22 November 2007
Equity markets in the emerging world have weathered the sub-prime credit crunch in developed markets more easily than any previous market turmoil, and are expected to remain a sought-after investment destination, if not a safe haven, for many years to come, according to Steve Minnaar, head of equity research at Old Mutual Investment Group SA (Omigsa).
Speaking at a presentation in Johannesburg on Tuesday, Minnaar said this year’s shake-out of credit markets had in fact helped to accelerate an investor shift from the developed world to emerging markets that has been under way since 2001.
He said investors were likely to take advantage of the expected faster growth rates and better relative returns to increase their exposure to emerging market equities – including some attractive companies listed in South Africa.
Outperforming developed markets
Emerging equity markets have outperformed developed markets since 2001, with the MSCI emerging market index moving up five-fold – from just above 250 points in 2001 to around 1 300 points currently. By comparison, the MSCI world index recorded an increase of just over 70% over the same period.
In response to the sub-prime crisis in the US, some key emerging equity markets, like South Africa, saw immediate drops of 12%. However, they quickly recovered, Minnaar said, and the MSCI emerging markets index has since then gone on to outperform developed markets.
In fact, he said, many investors reacted by shifting funds from the major developed markets to emerging markets. In the fourth week of September alone, US$13-billion was withdrawn from US, Japanese and European equity funds, of which $5.5-billion went directly into emerging market funds, according to EPFR Global, which monitors international fund flows.
“It’s still about the search for yield, and investors now have more knowledge of, and confidence in, emerging markets,” Minnaar said. “US fund managers typically seek returns of over 10%, which they can’t get in their own market or Europe – they have to look elsewhere.”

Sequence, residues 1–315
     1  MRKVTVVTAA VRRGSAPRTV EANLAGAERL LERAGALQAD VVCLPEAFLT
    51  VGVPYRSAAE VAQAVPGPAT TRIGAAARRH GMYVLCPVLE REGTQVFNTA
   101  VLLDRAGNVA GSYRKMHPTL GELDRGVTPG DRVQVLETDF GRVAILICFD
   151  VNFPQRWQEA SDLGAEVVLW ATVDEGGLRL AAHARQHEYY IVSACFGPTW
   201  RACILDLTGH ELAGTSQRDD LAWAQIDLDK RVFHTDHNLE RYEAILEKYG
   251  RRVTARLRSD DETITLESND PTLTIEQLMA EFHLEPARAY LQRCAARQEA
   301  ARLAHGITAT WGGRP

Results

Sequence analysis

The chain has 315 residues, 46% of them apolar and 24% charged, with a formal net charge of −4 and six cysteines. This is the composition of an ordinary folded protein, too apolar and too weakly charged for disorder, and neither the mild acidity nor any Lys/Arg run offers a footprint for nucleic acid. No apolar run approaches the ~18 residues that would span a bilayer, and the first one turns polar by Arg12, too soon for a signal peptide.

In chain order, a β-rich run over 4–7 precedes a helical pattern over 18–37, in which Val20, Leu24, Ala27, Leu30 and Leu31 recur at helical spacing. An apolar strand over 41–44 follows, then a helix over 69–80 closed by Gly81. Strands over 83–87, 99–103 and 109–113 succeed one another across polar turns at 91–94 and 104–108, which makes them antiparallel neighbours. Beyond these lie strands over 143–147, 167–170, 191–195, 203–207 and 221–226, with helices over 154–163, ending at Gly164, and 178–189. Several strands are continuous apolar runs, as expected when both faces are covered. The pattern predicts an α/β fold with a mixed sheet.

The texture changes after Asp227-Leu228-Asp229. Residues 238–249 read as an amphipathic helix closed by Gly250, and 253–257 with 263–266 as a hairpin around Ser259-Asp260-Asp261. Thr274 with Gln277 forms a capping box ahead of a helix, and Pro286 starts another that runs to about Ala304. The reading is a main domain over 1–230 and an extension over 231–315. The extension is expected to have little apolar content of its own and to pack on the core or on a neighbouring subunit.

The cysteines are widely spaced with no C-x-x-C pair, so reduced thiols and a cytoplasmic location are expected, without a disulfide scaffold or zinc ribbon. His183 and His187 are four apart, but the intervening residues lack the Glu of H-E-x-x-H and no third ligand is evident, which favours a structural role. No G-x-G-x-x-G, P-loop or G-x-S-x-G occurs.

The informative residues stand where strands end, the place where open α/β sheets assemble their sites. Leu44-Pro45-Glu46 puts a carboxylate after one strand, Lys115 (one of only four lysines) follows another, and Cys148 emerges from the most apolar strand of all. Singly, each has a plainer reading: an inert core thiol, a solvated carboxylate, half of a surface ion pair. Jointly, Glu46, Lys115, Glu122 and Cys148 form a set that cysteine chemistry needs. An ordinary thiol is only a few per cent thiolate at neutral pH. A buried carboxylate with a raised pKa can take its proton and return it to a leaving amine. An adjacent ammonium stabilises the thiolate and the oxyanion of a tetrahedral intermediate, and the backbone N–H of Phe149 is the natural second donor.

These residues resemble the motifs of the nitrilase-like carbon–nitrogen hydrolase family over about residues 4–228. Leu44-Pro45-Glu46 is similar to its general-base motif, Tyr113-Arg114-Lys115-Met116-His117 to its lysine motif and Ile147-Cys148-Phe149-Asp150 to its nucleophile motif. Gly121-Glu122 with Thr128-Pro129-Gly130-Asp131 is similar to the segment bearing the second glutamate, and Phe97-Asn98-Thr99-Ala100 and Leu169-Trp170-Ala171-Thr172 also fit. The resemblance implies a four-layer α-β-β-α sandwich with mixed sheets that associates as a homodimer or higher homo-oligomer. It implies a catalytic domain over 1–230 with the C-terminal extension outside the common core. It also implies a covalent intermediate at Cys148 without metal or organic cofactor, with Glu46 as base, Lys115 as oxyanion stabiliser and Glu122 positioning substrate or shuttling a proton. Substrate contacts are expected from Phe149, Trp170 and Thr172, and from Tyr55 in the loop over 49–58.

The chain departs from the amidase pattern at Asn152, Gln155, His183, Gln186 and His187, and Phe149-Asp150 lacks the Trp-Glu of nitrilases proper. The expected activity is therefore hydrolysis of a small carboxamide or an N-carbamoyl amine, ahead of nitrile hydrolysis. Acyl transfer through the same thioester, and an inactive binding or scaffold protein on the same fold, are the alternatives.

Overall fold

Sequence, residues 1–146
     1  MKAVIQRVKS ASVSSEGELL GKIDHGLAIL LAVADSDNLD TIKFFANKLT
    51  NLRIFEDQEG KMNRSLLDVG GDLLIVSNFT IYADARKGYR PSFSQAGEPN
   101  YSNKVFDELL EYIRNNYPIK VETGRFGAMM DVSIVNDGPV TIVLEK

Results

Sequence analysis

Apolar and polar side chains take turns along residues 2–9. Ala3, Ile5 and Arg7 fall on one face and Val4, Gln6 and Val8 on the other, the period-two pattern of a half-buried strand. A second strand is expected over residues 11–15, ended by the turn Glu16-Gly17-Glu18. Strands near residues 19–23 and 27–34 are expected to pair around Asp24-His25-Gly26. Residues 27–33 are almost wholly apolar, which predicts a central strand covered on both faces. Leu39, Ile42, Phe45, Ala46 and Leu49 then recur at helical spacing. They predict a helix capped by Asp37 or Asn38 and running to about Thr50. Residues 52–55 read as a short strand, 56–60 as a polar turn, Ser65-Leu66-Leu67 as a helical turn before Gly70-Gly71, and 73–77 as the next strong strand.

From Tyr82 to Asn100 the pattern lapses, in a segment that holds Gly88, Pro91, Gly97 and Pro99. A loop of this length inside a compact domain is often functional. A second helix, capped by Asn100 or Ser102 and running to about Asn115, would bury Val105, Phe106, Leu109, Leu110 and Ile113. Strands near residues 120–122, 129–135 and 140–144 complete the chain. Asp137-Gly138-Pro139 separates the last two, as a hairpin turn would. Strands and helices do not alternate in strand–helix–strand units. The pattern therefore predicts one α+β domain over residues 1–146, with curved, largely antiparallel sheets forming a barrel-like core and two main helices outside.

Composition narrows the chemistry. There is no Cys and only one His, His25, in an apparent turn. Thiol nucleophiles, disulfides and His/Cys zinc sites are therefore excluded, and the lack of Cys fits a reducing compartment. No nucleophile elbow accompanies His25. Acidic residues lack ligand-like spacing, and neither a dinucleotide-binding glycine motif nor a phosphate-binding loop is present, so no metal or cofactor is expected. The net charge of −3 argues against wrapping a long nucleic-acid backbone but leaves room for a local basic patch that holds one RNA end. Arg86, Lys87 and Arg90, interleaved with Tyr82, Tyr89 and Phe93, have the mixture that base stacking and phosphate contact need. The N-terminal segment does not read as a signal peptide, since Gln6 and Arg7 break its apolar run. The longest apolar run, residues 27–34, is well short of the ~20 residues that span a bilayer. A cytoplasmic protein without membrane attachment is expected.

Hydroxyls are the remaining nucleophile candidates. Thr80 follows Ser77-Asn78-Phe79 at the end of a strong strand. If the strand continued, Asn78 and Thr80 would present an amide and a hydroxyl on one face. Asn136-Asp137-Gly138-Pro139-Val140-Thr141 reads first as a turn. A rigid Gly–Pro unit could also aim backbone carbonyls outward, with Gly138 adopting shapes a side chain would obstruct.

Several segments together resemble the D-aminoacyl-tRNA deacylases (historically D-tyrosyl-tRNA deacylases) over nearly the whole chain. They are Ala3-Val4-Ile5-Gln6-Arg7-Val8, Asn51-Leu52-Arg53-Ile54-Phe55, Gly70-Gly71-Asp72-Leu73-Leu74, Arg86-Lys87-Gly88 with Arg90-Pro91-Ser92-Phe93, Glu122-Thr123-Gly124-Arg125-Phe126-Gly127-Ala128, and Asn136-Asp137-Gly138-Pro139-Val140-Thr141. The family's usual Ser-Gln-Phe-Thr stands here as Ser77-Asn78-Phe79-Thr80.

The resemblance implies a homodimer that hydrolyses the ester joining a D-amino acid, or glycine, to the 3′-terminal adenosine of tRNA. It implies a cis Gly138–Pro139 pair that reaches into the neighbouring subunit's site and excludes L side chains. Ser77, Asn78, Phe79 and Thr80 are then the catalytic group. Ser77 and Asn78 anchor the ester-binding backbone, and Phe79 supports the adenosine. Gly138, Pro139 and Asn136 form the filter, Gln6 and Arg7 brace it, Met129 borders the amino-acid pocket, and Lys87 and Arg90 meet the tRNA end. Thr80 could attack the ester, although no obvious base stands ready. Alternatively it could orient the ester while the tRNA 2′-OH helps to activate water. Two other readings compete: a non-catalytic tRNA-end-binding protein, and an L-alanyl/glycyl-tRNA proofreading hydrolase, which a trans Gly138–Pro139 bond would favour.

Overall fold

$94-billion over next three years
According to a recent Citigroup poll of chief investment officers, representing over $1-trillion in assets under management, professionals plan to increase their emerging markets exposure from 5.7% to 15.1% of their portfolios over the next three years, while cutting US positions and maintaining those in Europe.
“Allocations to ‘other’ emerging geographies (like Africa) are expected to rise to 3.5% from 0.4% currently,” Minnaar noted. “This implies $94-billion in fund inflows to emerging markets between now and 2010.”
African markets should benefit from this trend, Minnaar pointed out, attracting investments due to robust economic growth and improved liquidity and regulation in recent years.
A November 2007 report from the World Bank showed that sub-Saharan African economies grew at 5.4% year-on-year over the past decade, above the global average of 3.2%, and are forecast to grow at 5.3% in 2007 and 5.4% in 2008.
SA investors: look closer to home
“Too often South African investors look past Africa to more distant destinations for their emerging market investments, but they shouldn’t forget to look closer to home,” Minnaar said.
“In sub-Saharan Africa today, outside South Africa, collective market capitalisation now stands at a substantial $60-billion. Although the economies of the region are dominated by resources, because most resource companies are listed elsewhere, sub-Saharan equity markets are, in fact, dominated by financial counters, accounting for 48% of listed companies.
“Financial services and consumer-related companies are growing strongly in many countries, and these sectors are among those that should see accelerating growth in the future.”
At the same time, Minnaar pointed out, individuals didn’t have to invest in an emerging markets fund to gain their exposure, but could easily build their own emerging market portfolio with a handful of locally listed shares.
“We have numerous South African-listed companies with a well-established presence in emerging markets, like BHP Billiton, Anglo American, MTN, Standard Bank and SABMiller.
“There is also a second tier of companies that are now increasing their operations in emerging markets, like Didata, Shoprite, Vodacom and Telkom. With such good growth prospects ahead, local investors shouldn’t be afraid to include emerging markets exposure in their equity portfolios.”